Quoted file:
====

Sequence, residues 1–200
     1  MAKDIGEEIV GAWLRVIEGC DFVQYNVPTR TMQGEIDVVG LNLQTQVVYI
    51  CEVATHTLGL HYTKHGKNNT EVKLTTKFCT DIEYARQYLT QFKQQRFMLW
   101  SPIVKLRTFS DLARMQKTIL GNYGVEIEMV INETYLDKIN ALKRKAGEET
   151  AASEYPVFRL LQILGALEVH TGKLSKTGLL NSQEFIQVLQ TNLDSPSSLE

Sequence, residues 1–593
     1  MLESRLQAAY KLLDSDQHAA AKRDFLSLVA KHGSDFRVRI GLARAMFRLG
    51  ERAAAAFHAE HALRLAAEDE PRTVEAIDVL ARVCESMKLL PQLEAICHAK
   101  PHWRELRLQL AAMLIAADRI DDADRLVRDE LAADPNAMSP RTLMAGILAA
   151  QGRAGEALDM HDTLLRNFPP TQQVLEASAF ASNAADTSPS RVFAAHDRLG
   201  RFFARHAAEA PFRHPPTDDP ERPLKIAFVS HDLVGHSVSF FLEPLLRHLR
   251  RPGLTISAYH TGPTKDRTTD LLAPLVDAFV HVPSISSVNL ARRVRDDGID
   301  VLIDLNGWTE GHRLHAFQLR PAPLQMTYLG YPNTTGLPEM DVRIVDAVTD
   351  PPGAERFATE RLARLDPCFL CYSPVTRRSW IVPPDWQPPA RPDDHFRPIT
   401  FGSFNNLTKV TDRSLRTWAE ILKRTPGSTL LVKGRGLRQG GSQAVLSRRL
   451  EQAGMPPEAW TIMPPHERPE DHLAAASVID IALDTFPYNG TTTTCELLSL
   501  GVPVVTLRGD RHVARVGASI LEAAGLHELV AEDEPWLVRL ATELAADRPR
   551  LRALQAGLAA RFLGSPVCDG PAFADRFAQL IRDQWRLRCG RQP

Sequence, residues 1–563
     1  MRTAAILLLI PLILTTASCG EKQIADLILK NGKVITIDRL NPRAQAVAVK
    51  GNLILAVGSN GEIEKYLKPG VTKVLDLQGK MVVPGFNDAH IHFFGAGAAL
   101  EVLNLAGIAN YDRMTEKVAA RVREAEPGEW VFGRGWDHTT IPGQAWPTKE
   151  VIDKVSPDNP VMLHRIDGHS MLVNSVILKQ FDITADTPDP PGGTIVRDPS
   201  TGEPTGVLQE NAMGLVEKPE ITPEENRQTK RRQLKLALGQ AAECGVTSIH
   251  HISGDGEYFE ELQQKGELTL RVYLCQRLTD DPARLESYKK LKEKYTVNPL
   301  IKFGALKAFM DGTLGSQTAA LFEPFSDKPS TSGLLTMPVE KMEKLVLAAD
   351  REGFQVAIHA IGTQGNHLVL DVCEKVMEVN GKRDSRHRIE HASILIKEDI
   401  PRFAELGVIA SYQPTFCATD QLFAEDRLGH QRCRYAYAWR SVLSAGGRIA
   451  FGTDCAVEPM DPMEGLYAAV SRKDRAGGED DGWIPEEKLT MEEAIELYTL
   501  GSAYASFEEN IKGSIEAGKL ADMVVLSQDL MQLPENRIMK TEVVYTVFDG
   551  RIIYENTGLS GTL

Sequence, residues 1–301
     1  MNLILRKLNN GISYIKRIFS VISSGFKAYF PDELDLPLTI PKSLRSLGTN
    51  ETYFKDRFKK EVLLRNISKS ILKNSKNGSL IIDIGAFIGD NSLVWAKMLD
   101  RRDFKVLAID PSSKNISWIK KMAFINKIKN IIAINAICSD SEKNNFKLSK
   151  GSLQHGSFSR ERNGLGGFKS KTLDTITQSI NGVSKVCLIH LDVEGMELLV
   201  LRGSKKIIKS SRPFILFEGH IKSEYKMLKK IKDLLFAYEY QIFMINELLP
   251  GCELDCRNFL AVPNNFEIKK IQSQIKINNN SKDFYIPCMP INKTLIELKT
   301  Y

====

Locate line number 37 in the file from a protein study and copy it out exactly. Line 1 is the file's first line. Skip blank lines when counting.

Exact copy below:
   201  LRGSKKIIKS SRPFILFEGH IKSEYKMLKK IKDLLFAYEY QIFMINELLP